What’s the lifecycle of an electric vehicle battery?

It’s widely accepted that electric vehicles (EVs) are more sustainable than their internal combustion (ICE) counterparts

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But while EVs reduce carbon emissions, there are still debates around the sustainability credentials of EV batteries. Contrary to what sceptics might say, EV batteries don’t need to end up in landfill after their use in a vehicle. In fact, they have multiple lives beyond that.

What’s the lifecycle of an electric vehicle battery?

Today, most EV batteries have a life expectancy of 15-20 years within a car – far longer than the average 3-5 years for an ICE vehicle. Manufacturers are so confident of the battery’s road use that most electric cars come with an extended warranty of eight years, or 100,000 miles.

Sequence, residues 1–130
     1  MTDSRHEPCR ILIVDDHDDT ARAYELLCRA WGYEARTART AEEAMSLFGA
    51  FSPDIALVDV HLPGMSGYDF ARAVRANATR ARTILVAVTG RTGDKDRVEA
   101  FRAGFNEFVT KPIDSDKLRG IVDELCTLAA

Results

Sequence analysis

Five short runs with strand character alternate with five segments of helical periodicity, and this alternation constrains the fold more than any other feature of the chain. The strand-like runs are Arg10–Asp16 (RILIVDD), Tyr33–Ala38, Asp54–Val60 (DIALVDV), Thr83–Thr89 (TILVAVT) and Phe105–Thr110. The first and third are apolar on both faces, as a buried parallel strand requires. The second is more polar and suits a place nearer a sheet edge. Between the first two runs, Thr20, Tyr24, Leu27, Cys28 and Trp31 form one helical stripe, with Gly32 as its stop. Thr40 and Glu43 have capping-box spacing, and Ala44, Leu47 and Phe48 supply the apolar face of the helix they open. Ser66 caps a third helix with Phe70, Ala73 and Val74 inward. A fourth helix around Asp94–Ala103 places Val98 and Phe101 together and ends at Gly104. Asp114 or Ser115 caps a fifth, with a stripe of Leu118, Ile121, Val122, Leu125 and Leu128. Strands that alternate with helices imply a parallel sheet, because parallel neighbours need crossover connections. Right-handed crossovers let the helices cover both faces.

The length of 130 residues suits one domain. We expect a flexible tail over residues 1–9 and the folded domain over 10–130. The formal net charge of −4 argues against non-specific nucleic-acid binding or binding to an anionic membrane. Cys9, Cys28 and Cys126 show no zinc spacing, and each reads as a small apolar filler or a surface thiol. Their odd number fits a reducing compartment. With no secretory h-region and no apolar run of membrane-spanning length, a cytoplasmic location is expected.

The lithium-ion battery used in electric cars are like those used in mobile phones and laptops, only much larger. And like all batteries, the battery in your EV will lose some capacity over time.

Lost capacity is a result of hundreds of charging and discharging cycles, and battery degradation is a very gradual process. Battery cells should still be providing at least 70% of their capacity, even after 200,000 miles. And advances in technology is improving this all the time.


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